#btconf Munich, Germany 15 - 17 Jan 2018

Sara Soueidan

Sara is an award-winning freelance front-end Web developer and author from Lebanon. She runs workshops and helps companies and agencies build clean front-end (HTML5, SVG, CSS, JS) foundations for Web sites & applications, with strong focus on progressive enhancement, performance and accessibility.

We are super happy that she is back after a few years and joins us for the very first beyond tellerrand in Munich!

Want to watch this video on YouTube directly? This way, please.

SVG Filters: The Crash Course

When it comes to graphical effects on the Web, CSS has already come a long way in the last few years, with the introduction of CSS filters and blend modes a few years back. However, when compared to effects available in graphics editors such as Photoshop and the likes, CSS is still behind, by far. But SVG, on the other hand, is not that far behind.

SVG comes with a set of filter primitives that enable you to recreate Photoshop-grade effects in the browser, using a few lines of code. While the syntax and attributes of these filters may seem intimidating and not very friendly at first, once you get a grasp of how they work, you’ll have a very powerful tool in your arsenal, that allows you to push the boundaries of what is possible on the Web.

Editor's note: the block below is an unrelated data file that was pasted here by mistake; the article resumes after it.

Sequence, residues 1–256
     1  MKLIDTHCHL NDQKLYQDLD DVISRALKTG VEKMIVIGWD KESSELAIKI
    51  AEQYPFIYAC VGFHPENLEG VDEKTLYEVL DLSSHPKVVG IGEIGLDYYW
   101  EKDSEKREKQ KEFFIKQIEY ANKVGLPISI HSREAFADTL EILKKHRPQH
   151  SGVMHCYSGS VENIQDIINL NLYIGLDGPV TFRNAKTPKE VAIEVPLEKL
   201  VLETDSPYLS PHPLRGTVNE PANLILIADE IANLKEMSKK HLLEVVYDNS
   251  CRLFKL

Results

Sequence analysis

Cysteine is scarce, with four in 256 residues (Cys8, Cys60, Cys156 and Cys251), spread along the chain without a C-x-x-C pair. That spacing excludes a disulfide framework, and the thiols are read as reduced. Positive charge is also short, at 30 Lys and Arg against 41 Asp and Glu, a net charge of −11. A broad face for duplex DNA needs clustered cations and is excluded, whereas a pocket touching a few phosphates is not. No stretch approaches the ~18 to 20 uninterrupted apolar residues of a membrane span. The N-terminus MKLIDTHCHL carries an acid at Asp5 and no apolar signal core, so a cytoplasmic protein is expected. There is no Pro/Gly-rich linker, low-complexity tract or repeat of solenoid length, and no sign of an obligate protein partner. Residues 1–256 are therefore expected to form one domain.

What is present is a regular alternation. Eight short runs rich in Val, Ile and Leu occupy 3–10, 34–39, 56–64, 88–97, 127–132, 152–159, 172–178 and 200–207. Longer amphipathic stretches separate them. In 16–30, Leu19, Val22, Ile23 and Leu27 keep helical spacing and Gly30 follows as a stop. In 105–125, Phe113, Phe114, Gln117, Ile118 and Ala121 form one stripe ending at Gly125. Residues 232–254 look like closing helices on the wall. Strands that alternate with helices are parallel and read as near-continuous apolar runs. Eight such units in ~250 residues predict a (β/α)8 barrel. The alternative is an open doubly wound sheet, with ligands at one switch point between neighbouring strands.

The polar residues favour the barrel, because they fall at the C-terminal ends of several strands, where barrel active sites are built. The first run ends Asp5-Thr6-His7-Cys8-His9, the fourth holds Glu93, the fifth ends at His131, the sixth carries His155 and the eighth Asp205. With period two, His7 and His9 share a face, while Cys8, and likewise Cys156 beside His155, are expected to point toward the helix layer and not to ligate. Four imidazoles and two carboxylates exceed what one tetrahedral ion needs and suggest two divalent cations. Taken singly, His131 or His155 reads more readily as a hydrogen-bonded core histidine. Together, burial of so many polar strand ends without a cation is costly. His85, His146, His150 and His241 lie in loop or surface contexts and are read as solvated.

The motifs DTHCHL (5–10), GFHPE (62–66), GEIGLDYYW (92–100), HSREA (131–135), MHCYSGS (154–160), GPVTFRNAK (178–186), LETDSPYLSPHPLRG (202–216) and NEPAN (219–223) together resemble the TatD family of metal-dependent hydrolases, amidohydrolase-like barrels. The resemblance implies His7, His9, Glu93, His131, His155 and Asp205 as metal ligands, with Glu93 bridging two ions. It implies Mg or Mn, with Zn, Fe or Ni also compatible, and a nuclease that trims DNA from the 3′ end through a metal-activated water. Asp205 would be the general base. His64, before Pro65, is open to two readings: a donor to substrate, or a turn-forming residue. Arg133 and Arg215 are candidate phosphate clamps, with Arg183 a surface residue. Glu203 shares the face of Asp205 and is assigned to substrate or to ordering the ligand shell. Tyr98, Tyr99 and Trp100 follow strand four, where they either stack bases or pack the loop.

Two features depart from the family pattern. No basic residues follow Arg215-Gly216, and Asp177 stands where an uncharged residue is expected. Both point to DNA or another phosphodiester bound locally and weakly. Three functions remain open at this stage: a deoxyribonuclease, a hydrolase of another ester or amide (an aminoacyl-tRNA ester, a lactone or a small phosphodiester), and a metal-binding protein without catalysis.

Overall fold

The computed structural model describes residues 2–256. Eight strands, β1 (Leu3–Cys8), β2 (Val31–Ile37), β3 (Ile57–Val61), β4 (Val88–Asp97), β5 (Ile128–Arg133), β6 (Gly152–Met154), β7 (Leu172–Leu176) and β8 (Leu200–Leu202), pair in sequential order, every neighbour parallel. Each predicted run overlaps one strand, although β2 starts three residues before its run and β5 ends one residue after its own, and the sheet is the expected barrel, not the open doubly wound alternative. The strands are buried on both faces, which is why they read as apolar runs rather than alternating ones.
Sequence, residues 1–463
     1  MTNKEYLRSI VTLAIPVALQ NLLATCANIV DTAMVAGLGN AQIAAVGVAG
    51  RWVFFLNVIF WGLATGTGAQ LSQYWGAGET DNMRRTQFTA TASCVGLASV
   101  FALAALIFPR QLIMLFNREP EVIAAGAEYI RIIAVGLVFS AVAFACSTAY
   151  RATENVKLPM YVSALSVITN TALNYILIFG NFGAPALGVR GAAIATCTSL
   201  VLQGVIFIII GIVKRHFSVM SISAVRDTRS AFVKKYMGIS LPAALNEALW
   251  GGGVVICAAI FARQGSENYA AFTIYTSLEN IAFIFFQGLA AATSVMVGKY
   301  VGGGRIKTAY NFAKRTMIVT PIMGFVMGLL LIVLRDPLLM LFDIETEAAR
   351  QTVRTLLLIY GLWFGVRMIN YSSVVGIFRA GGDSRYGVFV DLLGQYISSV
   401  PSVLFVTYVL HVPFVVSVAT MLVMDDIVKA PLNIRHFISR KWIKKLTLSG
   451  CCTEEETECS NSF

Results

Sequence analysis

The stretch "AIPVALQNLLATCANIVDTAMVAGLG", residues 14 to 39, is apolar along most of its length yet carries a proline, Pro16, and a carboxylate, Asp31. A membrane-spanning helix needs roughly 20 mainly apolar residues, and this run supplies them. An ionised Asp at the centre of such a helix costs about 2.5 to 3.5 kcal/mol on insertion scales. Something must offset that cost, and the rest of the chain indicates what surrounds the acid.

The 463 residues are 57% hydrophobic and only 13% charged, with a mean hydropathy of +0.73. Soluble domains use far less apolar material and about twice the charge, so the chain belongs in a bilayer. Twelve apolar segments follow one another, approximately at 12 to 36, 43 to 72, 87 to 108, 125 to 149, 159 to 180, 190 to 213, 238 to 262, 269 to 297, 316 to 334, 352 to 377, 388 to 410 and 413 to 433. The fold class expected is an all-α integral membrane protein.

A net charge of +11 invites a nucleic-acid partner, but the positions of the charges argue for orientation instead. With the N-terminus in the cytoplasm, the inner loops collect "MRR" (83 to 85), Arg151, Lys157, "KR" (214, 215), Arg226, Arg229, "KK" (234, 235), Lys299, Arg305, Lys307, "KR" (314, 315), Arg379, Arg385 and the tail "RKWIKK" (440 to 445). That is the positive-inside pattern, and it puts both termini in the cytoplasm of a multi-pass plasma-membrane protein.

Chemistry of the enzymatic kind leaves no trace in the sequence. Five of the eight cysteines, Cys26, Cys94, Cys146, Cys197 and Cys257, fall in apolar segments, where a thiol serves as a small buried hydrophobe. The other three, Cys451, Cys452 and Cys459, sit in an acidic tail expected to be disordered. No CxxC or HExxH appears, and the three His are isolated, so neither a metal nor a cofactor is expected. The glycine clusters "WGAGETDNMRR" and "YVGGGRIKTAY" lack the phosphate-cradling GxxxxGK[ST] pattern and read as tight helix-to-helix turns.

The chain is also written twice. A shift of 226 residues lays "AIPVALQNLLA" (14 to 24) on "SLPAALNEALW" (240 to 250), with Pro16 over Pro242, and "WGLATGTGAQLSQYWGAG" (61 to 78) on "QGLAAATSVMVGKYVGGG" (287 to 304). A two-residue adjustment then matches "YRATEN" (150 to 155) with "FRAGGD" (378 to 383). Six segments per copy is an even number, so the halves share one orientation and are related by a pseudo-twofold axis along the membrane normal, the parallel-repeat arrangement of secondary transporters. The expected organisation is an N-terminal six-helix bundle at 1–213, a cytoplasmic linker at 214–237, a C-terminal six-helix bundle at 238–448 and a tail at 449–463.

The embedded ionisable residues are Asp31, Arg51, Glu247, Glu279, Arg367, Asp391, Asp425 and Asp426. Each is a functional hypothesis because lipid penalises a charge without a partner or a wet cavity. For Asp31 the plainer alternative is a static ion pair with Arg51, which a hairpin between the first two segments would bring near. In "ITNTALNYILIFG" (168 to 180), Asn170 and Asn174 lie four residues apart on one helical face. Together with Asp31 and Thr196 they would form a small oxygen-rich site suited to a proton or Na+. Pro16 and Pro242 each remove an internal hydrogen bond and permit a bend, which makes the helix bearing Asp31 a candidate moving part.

In this talk, Sara is going to give you a crash course on SVG filters — why they are awesome, how they work, and examples of powerful effects you can create with them, in an friendly, easy-to-follow approach. Brace yourself, and get ready to set your imagination free and expand your creativity for what’s possible on the Web today.


[Digital music]


Sara Soueidan: Guten Morgen.

Audience: Guten Morgen.

Sara: Schon dass ihr hier seid. Es ist schon hier zu sein. Yes, I do speak a little bit of German because I lived here for eight years when I was a kid, so it’s always really nice to come back here because there are a lot of memories involved.